The question that could never be asked suddenly became ask-able. For the first time in human history, engaged couples and newlyweds could ask, “Should we have children? How soon? How many?” Before then, no one would ask it; now every couple asks it. My wife and I did. And everything has changed as a result. I do not say “everything” lightly. Marriage has changed; and I don’t mean just some marriages, but all marriages. Families have changed, communities have changed, the whole culture has changed. The change has overwhelmingly been for the worse.
A World Turned Alien
Yet we can hardly imagine it being otherwise. Picture yourself wandering a suburban neighborhood you’ve never visited before. Kids are everywhere. You find out that three families on that block have five kids, two others have four, and most of the rest have three. This is strange, you think. What kind of cult has taken hold here?
Very, very strange. It’s also the description of the perfectly normal (at the time) neighborhood that I grew up in. My own family was one of the three with five children; a large family, sure, but not out of place in our town.
What was normal then looks cultish now. Likewise if you could see today’s world through your great-grandfather’s eyes, you’d think the planet had been repopulated by aliens. Children themselves have practically become abnormal. It’s that different.
This is all introductory. All I’ve tried to say in this article is that the world has changed. Later on I’ll explore the difference that’s made.
Questions About Questions
I expect some readers’ mind are popping with questions at this point. I’ve got lots of them myself.
- Is this about same-sex marriage? No. This is about what happened decades before that.
- So it has nothing at all to do with same-sex marriage? Really? It has a lot to do with it, but we need to take things in proper order. What I’m talking about came long before that, and that’s where I’m going to focus for now.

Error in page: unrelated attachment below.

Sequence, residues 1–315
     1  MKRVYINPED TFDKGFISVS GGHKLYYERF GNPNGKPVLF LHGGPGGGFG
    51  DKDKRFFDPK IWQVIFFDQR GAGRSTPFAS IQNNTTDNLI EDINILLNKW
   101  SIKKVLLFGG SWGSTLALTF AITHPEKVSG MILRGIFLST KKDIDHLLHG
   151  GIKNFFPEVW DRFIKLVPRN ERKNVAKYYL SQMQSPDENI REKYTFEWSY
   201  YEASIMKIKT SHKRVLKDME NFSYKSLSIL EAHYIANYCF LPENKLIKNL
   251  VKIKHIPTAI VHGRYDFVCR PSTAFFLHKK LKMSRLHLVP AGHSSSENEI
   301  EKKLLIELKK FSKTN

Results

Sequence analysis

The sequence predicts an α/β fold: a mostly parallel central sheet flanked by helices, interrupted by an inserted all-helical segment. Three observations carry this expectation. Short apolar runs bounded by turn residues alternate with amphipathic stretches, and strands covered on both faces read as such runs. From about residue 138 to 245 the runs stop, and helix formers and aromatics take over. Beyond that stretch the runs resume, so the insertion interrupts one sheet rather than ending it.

- Is this just about Roman Catholic doctrine that artificial contraception is sin? Because I’m not a Catholic, and I don’t agree with that. No. I’m not Catholic either, and I don’t agree with that doctrine myself. I agree with my Catholic friends that artificial contraception has had huge negative impacts, and there is enormous load of sin associated with it. I wish more Protestants saw that more clearly. But I don’t think a couple’s decision to use contraception is necessarily wrong in all cases, so my Catholic friends and I disagree on that.
- Some couples still get married with plans to have lots of children, just like couple have always done, down through the ages. Are you saying this change affects them, too? Yes. Definitely. I’ll have to save that for later, though.
- Are you saying it’s wrong for couples to consider the children questions (“Should we have kids/When/How many…”)? No. You have to ask the question, simply because it’s impossible not to ask the question. You’re a child of the 21st century, so you will ask the question, and nothing will stop you from asking it. But I’m preparing here to suggest some new thinking for you to include in that conversation.
- What about unmarried couples, or couples living together, or people having a fling? Contraception obviously has a lot to do with that, but I’m setting that aspect aside for now to focus on the meaning of marriage.
Pastors: Even More Questions
If you’re a pastor or a teacher, you may also be thinking:
- This isn’t very helpful yet. I need more. Absolutely! See below.
- I’m especially concerned about how to counsel couples before marriage. I think you may be introducing a new and difficult question into the mix. Yes, I am, and when I’m done, it will still be a difficult question for many couples, so difficult that I could almost say I’m sorry to have brought it up. But only almost sorry. I am trying to speak truth here, and I do not apologize for that.
- This is going to be controversial for a lot of other people in our church, too. Yes, it will. The controversy is out there already. This is nothing new, though, for the gospel has always presented a challenge to culture. You can avoid the controversy by avoiding this topic, but you can only do it in good conscience if you think the topic isn’t important to your church — and then you’d be doing it in poor judgment. Marriage is important.
We have more to offer as help on this topic. For those who want to discuss these questions, I’ll have this article posted simultaneously on my Thinking Christian blog, where comments are still open under these well-enforced guidelines.
For pastors who are wondering, “How am I ever going to preach this?” I have a sample sermon available for you to read through and consider. At the end of it you will also find my best pastoral recommendation for couples that are wondering what to do about the children question.
When this mini-series comes to a close, I’ll add a further link right here to a page that puts it all in one place for you, with a summary and outline as well.
Tom Gilson (@TomGilsonAuthor) is a senior editor with The Stream and the author or editor of six books, including the recently released Too Good To Be False: How Jesus’ Incomparable Character Reveals His Reality.